Y'see, Groovesters, Batman and Robin were pretty much headed down the tubes by the early 1960s. His comic was running on fumes. Nobody was diggin' him. Editor extraordinaire Julius Schwartz was hired to revamp the Dynamic Duo, as he had done so successfully with the Flash, Green Lantern, and the Justice League. TV producer William Dozier, legend tells us, got on a plane with a Schwartz-edited ish of Batman (#171), decided those comics would make a whale of a great TV comedy, and set out to bring 'em to life. The rest is history. Or hysteria, 'cause the show led to a phenomenon called Batmania!
The Classic Batman Theme/Intro
Li'l Groove was naught but three years old when the ABC-TV version of Batman first aired. Believe it or not, I can still remember seeing the promos for that show. I can remember going across the street to my neighbor's house to watch the it--'cause the neighbors had a color TV, baby! Yeah, Batman made that much of an impact on me. Because of the Batman TV show, especially because of the wonderful acting by Adam West, who made me believe in Batman and what he (in those days) stood for, I was lured into the life of a comicbook fanatic. It started small. Maybe a Batman coloring book or puzzle (or pennant, or Halloween costume, or Batmobile toy--no, not a tiny little car, but a plastic dashboard that made groovy sounds!--Li'l Groove had 'em all!). Then one comic. Then another. Then some with other colorful, crazy characters like the F.F., Spidey, the Mighty Crusaders, the Flash, T.H.U.N.D.E.R. Agents, or Aquaman. I don't remember much after that. It's all a blur. Next thing I knew I had a crate full of comics. Now I have shelves piled to the ceiling.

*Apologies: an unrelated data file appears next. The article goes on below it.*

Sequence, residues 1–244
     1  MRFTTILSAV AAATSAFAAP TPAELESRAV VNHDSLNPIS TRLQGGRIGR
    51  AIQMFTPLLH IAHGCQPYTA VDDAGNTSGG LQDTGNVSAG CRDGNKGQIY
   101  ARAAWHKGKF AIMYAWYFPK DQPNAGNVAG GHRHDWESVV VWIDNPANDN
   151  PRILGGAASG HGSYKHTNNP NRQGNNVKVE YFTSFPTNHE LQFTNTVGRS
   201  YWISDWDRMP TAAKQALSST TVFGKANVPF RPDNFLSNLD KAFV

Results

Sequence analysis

I don't think I was the only one affected that way. My whole neighborhood was crawling with comics fiends. We'd go out on my back patio and spend hours trading comics. There wasn't a kid in my school who didn't know what was going on when I yelled, "To the Batmobile!" I often wondered what teachers thought when they saw a dozen or so second grade boys run by singing, "Nananananananana..." You couldn't go to a store without seeing Batman toys or bubble gum cards lining the shelves. Batman, thanks to that campy, wild, hilarious TV show, became a huge part of our culture.
The 1965 Batman Network Presentation
Today is Adam West's 80th Birthday, and this is Ol' Groove's tribute to him. He is my Famous First ever super-hero. Oh, him and a fella named Batman, natch.
Adam West and Burt Ward's Screen Tests